The relevant legislative provisions originating in the 1882 Act required only that the solicitor be on the roll of solicitors in Scotland, and there was no additional requirement that any such solicitor must hold a valid practising certificate.
In these circumstances, service was validly effected, having regard to the terms of the 1882 Act, the 1933 Act and the 1980 Act and the suspension of the reclaimer’s practising certificate at the relevant time was not relevant.
However, counsel for the respondent argued that both grounds were “ill-founded”.
It was not disputed that the reclaimer’s name remained on the solicitors’ roll at the relevant time of service, but it was submitted that he was not entitled to practise as his name was not included in the appropriate list under section 20 of the 1980 Act.
In any event the documentation showed that the reclaimer did not describe himself as a solicitor when he purported to cite the respondent and that he appeared to have done it only in his capacity as a party litigant.
Counsel also submitted that the second ground of appeal was “misconceived”, bearing in mind that the reclaimer obtained a purported decree in absence.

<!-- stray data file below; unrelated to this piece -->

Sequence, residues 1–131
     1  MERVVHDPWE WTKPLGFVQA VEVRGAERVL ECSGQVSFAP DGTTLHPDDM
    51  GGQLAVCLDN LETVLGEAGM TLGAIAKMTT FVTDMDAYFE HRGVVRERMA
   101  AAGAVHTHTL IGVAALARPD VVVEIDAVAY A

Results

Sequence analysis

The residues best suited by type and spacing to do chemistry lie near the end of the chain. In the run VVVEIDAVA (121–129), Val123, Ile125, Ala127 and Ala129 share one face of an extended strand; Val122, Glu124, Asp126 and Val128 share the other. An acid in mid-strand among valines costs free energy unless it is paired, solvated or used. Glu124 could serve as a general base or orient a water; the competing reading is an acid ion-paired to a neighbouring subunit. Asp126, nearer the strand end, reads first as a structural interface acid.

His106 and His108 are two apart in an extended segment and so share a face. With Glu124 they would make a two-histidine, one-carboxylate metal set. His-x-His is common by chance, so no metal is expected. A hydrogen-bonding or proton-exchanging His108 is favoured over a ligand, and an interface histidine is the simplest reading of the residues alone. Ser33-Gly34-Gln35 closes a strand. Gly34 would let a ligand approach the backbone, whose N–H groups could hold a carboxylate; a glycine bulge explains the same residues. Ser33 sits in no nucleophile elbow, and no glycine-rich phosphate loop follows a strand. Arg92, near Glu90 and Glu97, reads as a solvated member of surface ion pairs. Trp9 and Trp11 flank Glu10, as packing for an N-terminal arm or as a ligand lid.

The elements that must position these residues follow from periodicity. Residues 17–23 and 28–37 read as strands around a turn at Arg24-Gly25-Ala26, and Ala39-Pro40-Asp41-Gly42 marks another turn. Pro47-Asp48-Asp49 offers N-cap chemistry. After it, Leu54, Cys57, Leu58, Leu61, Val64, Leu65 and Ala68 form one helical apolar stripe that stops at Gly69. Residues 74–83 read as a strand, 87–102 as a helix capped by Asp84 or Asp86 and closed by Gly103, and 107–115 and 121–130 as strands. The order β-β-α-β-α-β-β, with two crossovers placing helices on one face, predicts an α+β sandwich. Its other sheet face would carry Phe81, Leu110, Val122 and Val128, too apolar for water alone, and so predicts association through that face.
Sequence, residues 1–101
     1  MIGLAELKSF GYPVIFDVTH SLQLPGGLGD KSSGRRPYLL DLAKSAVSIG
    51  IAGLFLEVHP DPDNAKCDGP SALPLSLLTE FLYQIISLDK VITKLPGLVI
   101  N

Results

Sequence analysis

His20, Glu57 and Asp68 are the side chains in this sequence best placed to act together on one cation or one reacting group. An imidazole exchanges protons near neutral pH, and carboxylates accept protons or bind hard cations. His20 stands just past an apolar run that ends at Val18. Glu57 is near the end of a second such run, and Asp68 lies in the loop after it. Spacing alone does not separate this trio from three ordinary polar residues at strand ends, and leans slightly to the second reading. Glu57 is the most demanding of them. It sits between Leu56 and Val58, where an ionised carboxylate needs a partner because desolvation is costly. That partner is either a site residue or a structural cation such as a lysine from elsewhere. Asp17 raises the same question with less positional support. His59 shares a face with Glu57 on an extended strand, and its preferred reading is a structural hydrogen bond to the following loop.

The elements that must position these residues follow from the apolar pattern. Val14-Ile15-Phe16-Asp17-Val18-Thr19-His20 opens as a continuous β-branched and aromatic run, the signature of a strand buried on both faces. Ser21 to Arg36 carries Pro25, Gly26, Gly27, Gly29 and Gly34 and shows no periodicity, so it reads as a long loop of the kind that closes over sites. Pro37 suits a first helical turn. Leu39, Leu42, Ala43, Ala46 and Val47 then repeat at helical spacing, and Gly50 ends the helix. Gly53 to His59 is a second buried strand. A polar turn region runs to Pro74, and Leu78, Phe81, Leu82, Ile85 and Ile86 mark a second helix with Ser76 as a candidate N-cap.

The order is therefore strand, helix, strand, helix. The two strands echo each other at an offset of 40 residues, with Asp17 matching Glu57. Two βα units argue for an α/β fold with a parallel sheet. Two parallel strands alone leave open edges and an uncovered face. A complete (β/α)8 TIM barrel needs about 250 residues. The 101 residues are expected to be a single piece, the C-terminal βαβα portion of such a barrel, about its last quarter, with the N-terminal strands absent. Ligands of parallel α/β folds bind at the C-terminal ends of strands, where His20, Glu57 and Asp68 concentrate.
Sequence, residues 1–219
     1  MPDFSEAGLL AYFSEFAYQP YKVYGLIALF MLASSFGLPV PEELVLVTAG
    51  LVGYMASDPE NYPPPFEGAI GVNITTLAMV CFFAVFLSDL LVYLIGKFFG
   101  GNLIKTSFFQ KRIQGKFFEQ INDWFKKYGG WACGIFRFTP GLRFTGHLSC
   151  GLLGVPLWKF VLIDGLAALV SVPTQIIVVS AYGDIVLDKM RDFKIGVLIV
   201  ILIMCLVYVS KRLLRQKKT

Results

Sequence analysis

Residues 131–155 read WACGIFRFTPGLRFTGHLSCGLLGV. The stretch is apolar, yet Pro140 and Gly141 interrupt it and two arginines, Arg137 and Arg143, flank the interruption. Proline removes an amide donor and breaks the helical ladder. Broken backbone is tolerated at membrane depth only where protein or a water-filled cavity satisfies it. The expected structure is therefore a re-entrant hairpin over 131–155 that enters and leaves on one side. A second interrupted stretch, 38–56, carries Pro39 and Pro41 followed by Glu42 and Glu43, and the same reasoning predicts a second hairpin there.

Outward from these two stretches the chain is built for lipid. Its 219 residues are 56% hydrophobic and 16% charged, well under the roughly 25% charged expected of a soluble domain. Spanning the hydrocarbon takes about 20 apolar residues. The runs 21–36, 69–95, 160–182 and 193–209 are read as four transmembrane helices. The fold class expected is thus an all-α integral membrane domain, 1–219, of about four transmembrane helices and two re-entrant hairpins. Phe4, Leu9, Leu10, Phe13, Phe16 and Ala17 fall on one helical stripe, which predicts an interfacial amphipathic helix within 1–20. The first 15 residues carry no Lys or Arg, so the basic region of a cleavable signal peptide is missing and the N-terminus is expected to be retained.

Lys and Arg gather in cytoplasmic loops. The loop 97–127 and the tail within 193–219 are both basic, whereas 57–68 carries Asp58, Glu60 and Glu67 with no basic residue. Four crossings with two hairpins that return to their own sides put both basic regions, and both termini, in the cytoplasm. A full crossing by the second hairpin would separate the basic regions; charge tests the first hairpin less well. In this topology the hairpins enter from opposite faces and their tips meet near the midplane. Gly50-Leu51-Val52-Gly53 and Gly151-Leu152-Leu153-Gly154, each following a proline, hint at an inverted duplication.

It was plain from the principal letter in the correspondence relied on by the reclaimer, which pre-dated the decree in absence, that the respondent explained why he was unable to defend the action and that could not be construed as “appearance”.
Delivering the opinion of the court, Lady Clark of Calton said: “In our opinion the structure of the 1980 Act and, in particular sections 4 and 18, make it plain that practising as a solicitor is dependent upon inter alia the holding of a practising certificate. Admission as a solicitor and enrolment are essential to practice but are not sufficient.
“For these reasons we are of the opinion that the Lord Ordinary was correct in his conclusion that because the reclaimer was not entitled to practise as a solicitor, he was not empowered by section 3 of the 1882 Act to validly serve the initial writ on the respondent.”
In relation to the second ground of appeal, the judges observed that it was not disputed that the respondent did not appear in person and did not instruct solicitors to appear on his behalf and that the reclaimer relied on the letter written by the respondent to the Clerk of Court prior to decree in absence.
Lady Clark continued: “In our opinion the reclaimer’s submission is ill-founded. The letter must be read in its full context. It is plain from the terms of the letter that the respondent is attempting to explain why he was unable to defend the action.
“It is impossible to construe this letter or any other correspondence, particularly correspondence post-dating the decree in absence, as somehow constituting ‘appearance’ by the respondent to satisfy OCR 5.10(1).”
She added: “For the reasons given, we consider that there was no valid service of the initial writ on the respondent and the defect in citation was not cured by ‘appearance’ by the respondent.”